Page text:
A copy of the agreement between the Sports Commission and the City of Cleveland, which 3News received upon request for public records, provides an insight into local costs. (You can read it below.) Cleveland allows the NFL to use the harbor and malls for free, but the city is asking tens of thousands of dollars from the Sports Commission for adding barricades and using parking. In addition, the document states that the commission should reimburse the city’s parks and roads department for nearly $ 77,000. In an email from City Hall to 3News, that number was updated and estimated at just over $ 100,000.
The contract states that Cleveland is seeking reimbursement of an estimated $ 400,000 for police and security related issues. It also details how the Commission must replace trees that have been cut down to make room for the stage.
Last year the city spent $ 1 million demolishing two old warehouses that it planned to remove for future development to open up the lakefront. The Sports Commission says the NFL Draft, next year’s NBA All-Star Game, and other one-off events make such investments worthwhile.
“These events combined mean new direct spending for the city of between $ 200 million and $ 400 million,” said Gilbert.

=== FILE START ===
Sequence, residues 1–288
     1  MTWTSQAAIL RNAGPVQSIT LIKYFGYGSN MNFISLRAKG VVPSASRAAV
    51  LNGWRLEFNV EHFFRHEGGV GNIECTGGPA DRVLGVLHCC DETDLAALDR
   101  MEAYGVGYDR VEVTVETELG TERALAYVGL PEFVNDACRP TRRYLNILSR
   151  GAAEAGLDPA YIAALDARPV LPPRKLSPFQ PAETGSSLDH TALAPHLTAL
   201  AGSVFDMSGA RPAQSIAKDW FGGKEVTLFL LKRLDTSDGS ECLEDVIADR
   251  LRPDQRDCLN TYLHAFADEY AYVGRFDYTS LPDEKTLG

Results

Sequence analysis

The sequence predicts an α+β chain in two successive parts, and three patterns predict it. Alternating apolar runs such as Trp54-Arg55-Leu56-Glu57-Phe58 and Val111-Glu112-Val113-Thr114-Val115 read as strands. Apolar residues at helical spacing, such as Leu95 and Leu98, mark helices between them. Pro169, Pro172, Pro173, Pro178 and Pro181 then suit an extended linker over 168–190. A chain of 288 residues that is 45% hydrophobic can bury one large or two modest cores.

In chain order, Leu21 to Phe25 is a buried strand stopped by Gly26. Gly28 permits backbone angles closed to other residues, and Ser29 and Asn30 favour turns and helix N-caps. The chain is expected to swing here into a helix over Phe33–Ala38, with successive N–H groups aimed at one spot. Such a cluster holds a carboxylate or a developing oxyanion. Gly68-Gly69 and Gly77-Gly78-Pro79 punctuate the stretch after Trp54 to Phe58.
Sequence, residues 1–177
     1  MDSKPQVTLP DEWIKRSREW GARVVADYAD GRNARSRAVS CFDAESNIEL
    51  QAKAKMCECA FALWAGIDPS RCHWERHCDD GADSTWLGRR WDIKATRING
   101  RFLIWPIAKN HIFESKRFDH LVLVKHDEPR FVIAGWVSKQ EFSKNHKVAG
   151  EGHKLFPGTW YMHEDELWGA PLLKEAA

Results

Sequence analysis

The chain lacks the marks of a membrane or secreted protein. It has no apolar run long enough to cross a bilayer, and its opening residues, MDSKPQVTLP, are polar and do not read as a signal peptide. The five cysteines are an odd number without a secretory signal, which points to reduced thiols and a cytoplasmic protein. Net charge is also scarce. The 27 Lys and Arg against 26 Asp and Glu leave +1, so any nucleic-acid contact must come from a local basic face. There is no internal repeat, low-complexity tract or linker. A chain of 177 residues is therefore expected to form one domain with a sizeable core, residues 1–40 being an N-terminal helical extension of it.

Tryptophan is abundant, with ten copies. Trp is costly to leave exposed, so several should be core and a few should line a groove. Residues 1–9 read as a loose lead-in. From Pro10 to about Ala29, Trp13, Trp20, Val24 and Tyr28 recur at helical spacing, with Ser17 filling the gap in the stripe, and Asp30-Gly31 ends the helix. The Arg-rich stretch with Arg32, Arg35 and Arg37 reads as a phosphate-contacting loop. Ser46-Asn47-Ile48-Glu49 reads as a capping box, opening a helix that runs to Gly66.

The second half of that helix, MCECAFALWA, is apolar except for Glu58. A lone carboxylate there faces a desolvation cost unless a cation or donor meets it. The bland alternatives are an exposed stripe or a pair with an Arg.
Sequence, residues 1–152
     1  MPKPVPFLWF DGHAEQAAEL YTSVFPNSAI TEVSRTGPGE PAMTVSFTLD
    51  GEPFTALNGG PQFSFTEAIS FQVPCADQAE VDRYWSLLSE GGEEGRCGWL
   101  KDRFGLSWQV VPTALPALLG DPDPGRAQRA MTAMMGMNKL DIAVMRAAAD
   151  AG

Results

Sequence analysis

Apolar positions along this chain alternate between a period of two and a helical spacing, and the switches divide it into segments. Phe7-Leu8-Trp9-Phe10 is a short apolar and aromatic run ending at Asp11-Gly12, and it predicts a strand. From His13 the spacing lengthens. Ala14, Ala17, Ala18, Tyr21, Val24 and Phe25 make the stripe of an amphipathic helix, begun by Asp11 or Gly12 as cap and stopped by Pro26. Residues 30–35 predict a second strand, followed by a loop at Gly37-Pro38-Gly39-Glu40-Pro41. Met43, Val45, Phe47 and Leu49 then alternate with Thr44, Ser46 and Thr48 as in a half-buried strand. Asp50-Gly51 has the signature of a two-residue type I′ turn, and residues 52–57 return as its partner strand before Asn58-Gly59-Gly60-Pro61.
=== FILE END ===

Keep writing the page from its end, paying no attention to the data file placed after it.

Gilbert said the commission started a fundraiser called “Velocity” several years ago to raise funds – approximately $ 15 million – from private sources to cover the cost of hosting the Major League Baseball All-Star game 2019, the 2022 NBA All-Star Game. the NFL draft and the NCAA Women’s Final Four in 2024. He said the campaign was about 10% behind its target.
Sports economists often question economic impact projections, arguing that boosters and their studies don’t keep track of real costs to taxpayers, track expenses that end up in out-of-town businesses like hotel chains, or account for money that’s already spent here on entertainment would have been.
“My rule of thumb: take the number the commission study or sponsorship event gives you and move the decimal point to the left by one, and that’s pretty close,” said Allen Sanderson, an economist at the University of Chicago. “Is it an advantage? Yes. Is it a great advantage? No.”
Sanderson said he had studied the economic impact of the NFL draft in Chicago and other sporting events across the country.
“Not that many people stay in hotels for the NFL draft,” he said. “If I get to Cleveland and stay at the Sheraton and spend a few hundred dollars on a hotel room, not much of that two hundred dollars will stay in Cleveland. I can swipe my credit card there, but it actually leaves Cleveland.” right away.”
Gilbert said the sports commission is carefully scrutinizing direct spending and focusing on out-of-towers spending money here.
“Look, I would tell you that someone who comes in from Mansfield matters to us,” he said. “This is not money that would have been in Cuyahoga County, for example. But yeah, every local doesn’t count, and that doesn’t include multipliers. We’re also talking about the trickle effect of dollars on us, what we count is direct spending.”
Gilbert said the commission hired a consultant to investigate the impact.
“We’re having a third-party research study done, but it looks very promising compared to what we thought possible a few months ago,” he said.